However it is sensibly different: it is smaller, without decoration on the sides and unique particularity, each side has a human sculpture. Two characters are turned face to face and meet at the ridge, holding their hands and maybe kissing. They wear the same clothes, the long monastic cloth with cap. Like in Javarzay, this representation enables to precise the rank of the dead without necessarily representing him explicitly.
THE UZERCHE CHURCH EPITAPH
The bond with the body is essential with the slab as a pseudo iconic or aniconic coffin. The progressive narrowing around these two shapes of monument is detrimental to a third one, literally different which, on the contrary dissociates the buried and the inhumation locations: that is the graved epitaph.
The main part of the epitaph of the monk Boson in the abbey of Saint-Pierre d’Uzerche (Corrèze) is constituted of a long text presenting the deceased as a pious man and a skilled manager, a perfect abbot, exemplary in the spiritual as in the temporal. He achieved the mission given by the apostles of the Christ : the prior named Mathieuto glorify the one who “observed the simplicity of the dove and had equally the skillfulness of a snake”. Boson deserved the blessings of God: the water springs Caleb gave to his daughter Axa in the Promised Land, the refrigerium, the waiting and refreshing place of the chosen, if it is not the paradise, watered with the four rivers. This learned part is relevant of the virtuosity exercise with the biblical references and the versification constraint, which are supposed to be well known by the reader.
To underline again the virtues of the clerk the epigraphist describes the celestial approbation of his action: “the divine misericord delighted Boson of this world” so the classical literary reason of the “migravit ad Dominum”. Already present in Gregory of Tours writings it is imposed as the expression of the expiration of a venerable character, particularly in Les Vies : the bishop Lietbert “emigrated happily to the Christ” in 1073, June 22nd and one century later the abbot Gossuin, after terrible pains “emigrated to the Lord” in 1629, October 9th.
The sculptor transcribes plastically by representing on the right part of the relief Boson taken away by an angel. But contrary to the monument of Ranulfe it is not a conventional elevation: the deceased is wearing the monastic dress and holds in front of him the holly book and designates it. Like that, the iconography evokes less the expiration than the apotheosis: by his action and his virtues the prelate transfigured his own body. The text and the effigy referring to each other, give so enough information about his role, his function, his merits in order to arouse, justify and orientate properly the pray : he scrupulously studied, followed and ensure the divine law is respected, for his salvation, his brothers one and the reader one who will follow his example. But the text of the epitaph finishes with a reference of the liturgy: “that his brothers so, writing his praise, honor his name: and that, for their brother, they pray God with a big piety” followed by an obituary mention: “the 17th of the calends of September died Boson, of a good memory” and then of the text of the pray itself: “that from the grace of God his soul rests in peace. Amen”. Boson is not sosaved.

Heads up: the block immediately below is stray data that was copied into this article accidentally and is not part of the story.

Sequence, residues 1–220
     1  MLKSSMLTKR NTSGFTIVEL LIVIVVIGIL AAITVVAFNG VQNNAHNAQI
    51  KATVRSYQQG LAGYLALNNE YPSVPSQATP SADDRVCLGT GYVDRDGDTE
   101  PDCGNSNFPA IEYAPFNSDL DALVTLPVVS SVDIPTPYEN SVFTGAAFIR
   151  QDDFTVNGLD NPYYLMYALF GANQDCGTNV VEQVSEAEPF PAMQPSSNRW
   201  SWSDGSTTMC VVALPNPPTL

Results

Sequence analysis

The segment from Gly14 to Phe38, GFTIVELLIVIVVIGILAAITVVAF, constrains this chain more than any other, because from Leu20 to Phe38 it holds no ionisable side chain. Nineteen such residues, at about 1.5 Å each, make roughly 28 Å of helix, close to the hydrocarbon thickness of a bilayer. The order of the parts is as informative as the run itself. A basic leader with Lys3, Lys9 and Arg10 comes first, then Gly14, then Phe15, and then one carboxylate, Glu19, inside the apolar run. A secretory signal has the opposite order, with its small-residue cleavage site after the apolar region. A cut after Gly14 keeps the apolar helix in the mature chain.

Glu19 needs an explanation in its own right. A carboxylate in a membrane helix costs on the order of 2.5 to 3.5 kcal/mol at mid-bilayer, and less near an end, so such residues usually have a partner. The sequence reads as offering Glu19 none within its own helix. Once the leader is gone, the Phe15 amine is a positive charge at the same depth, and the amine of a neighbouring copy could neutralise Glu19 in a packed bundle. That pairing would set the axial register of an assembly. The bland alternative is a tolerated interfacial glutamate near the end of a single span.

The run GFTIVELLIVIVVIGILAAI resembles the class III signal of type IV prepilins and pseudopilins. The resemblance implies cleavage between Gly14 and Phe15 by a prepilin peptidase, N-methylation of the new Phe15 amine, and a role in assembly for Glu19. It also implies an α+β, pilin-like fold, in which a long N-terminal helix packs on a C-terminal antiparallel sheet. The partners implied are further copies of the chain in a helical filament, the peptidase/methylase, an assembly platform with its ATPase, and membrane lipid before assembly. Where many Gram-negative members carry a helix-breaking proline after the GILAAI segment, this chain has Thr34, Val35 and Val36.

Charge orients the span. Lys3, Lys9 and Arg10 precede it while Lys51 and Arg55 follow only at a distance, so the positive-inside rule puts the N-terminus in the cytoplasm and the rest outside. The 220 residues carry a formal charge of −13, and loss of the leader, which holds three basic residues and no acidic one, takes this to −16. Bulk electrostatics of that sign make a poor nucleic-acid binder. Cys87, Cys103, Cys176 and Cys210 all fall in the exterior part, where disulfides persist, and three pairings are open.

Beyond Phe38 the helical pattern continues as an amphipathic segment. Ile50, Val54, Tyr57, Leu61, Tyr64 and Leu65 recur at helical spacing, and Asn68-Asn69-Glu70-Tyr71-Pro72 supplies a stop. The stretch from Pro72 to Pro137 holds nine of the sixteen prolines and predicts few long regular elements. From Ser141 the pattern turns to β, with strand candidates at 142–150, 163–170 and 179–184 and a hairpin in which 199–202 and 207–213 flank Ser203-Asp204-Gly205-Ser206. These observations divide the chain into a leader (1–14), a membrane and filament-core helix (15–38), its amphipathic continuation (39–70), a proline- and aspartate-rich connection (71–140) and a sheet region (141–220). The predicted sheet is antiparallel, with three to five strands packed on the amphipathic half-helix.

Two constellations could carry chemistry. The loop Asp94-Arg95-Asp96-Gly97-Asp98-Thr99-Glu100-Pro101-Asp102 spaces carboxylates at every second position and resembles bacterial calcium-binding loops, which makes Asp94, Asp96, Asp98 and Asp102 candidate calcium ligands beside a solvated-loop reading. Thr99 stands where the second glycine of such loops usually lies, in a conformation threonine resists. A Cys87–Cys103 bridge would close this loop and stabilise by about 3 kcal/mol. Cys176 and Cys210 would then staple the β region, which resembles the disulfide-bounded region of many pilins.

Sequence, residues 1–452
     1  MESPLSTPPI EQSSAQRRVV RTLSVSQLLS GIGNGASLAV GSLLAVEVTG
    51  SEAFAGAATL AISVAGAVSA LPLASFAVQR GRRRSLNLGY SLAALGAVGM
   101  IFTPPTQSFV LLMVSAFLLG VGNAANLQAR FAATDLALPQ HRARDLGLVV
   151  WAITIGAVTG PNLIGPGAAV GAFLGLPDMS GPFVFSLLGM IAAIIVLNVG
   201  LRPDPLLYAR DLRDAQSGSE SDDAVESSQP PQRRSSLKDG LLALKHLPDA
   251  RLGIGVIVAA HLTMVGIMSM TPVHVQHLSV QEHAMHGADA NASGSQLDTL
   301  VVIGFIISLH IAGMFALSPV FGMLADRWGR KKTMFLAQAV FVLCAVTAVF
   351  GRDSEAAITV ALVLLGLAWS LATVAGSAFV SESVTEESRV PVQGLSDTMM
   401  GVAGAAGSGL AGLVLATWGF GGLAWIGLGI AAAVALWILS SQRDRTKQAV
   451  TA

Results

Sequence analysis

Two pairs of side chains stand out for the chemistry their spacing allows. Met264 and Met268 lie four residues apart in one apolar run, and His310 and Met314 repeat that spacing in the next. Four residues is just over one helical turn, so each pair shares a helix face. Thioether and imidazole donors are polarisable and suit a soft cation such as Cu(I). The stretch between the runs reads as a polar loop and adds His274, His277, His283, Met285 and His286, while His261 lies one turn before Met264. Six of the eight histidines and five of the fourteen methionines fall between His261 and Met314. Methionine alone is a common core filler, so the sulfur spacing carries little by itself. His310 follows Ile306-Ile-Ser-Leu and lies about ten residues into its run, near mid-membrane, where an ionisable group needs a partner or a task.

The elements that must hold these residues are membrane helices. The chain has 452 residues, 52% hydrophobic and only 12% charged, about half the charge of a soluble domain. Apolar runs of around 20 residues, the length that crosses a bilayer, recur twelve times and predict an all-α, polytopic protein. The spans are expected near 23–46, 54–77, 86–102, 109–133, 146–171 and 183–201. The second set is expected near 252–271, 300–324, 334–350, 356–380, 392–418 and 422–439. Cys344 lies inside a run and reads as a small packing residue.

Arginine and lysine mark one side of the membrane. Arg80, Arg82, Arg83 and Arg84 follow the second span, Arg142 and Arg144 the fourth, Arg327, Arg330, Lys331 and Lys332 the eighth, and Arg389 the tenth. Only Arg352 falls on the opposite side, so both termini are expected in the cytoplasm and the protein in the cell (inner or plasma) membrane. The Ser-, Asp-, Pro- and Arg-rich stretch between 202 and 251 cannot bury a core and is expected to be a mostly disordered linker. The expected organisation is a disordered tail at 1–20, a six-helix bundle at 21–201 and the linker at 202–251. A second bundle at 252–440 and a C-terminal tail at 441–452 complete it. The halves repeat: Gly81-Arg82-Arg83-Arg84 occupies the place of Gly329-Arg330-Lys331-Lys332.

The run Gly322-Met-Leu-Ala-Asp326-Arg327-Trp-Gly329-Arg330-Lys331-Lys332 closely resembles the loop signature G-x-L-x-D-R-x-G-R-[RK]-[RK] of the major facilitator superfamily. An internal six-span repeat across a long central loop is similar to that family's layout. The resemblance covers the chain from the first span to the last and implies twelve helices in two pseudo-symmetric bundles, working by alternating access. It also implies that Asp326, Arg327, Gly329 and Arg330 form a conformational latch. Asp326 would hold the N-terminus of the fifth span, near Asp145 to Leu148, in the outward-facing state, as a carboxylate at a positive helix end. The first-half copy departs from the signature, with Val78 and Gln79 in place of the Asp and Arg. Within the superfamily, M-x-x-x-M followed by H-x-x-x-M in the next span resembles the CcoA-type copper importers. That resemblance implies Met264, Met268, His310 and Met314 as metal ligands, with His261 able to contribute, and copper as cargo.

(Source - Julien LOUIS / L’effigie funérairedans le royaume de France– Pays d’oïl –1134 – 1267)
Gisant de Saint-Etienne d'Obazine
TOMB OF SAINT ETIENNE OF AUBAZINE
In the 13th century we were concerned about honoring Saint Etienne of Obazine, to transfer his bones in the abbatial church and to honor the memory of the saint by elevating a tomb worthy of his merits. Thus the famous golden and white limestone tomb was built with an exceptional finer point of the grain. The monument was set in the southern arm of the transept where we could easily get from outside by the cemetery door.
Sculpted and designed as a shrine-reliquary, the tomb is composed of a molding base on which the recumbent statue with liturgical ornaments was sculpted. The sides are constituted of a much opened arcature. The whole is covered with a double pitch roof and each pitch proposes a sculpted program constituted with a group of character represented in high relief and trefoil arcades. It is clearly not a limousine oeuvre but rather a piece of art made around 1260 of the workshops in Ile de France and it is possible that Louis IX, close as we know of the Cistercian is not stranger of the realization of such order.